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World J Pediatr Congenit Heart Surg. 2013 Oct;4(4):344-8. doi: 10.1177/2150135113493016.

Methicillin-resistant Staphylococcus aureus in patients with congenital heart disease in the pediatric intensive care unit.

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  • 1University of Florida Center for HIV/AIDS Research, Education and Service (UF CARES), Jacksonville, FL, USA.



Methicillin-resistant Staphylococcus aureus (MRSA) colonization has been recognized as a significant problem among hospitalized patients. Available data about prevalence of MRSA among children with congenital heart disease (CHD) are minimal. The aim of the study was to determine the prevalence of MRSA colonization and to identify risk factors for MRSA colonization among children <19 years old with CHD admitted to a pediatric intensive care unit (PICU).


Admission and weekly MRSA nasal surveillance testing was performed, and patients were stratified into six risk groups based on the Risk Adjustment for Congenital Heart Surgery-1 Method. The MRSA-colonized children were compared to the MRSA noncolonized children.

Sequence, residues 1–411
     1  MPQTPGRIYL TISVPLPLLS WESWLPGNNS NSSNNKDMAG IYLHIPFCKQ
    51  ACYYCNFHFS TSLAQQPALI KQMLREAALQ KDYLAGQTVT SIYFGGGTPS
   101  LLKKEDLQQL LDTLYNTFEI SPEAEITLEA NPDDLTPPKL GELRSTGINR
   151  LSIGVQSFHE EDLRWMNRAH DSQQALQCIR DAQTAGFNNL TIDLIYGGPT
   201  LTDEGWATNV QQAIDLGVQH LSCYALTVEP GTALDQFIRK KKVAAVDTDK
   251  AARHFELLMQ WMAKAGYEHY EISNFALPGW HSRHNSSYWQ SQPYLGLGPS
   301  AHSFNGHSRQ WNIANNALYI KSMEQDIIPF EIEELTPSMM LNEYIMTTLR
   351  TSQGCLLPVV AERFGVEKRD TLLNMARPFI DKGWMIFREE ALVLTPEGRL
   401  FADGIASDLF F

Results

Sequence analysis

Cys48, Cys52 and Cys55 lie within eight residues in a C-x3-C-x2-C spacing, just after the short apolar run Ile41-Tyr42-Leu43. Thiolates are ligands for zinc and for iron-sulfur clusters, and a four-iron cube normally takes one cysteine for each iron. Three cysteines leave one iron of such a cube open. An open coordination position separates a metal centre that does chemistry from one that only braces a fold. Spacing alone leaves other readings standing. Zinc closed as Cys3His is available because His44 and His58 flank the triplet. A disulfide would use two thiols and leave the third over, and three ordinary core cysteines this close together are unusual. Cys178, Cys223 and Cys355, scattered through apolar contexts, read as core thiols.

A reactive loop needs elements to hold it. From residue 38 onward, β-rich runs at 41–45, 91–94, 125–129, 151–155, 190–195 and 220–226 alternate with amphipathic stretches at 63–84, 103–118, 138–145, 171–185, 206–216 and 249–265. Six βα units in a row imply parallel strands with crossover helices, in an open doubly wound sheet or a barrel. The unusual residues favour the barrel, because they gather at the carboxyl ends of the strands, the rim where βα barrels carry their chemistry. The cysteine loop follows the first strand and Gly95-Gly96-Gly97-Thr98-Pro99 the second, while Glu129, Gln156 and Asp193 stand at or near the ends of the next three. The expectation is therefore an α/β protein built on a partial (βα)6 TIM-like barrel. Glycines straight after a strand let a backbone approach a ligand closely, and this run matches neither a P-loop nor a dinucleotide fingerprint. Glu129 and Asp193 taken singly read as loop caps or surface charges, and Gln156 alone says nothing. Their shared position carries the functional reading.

During the 3-year study period, there were 372 admissions of children with CHD to the PICU. Of the 372, 72 (19.4%) had no surveillance cultures performed or had no prior history of MRSA and were excluded from further analysis. Of the remaining 300 admissions, 29 (9.7%) (263 individual children) were found to be colonized. The mean age of the 263 children when first admitted to the PICU was 3.29 years (range 0.03-18.30, median 0.66). Age distribution was not significantly different between the colonized and noncolonized groups (P = .236). Gender (P = .667), race (P = .837), and CHD complexity (P = .395) were not significantly associated with colonization. The odds of being colonized if previously hospitalized were 4.42 times greater than if not previously hospitalized (95% confidence interval 1.89, 10.34).


Routine MRSA surveillance should be performed in patients with CHD to identify colonized patients.


MRSA colonization; congenital heart disease; surveillance cultures

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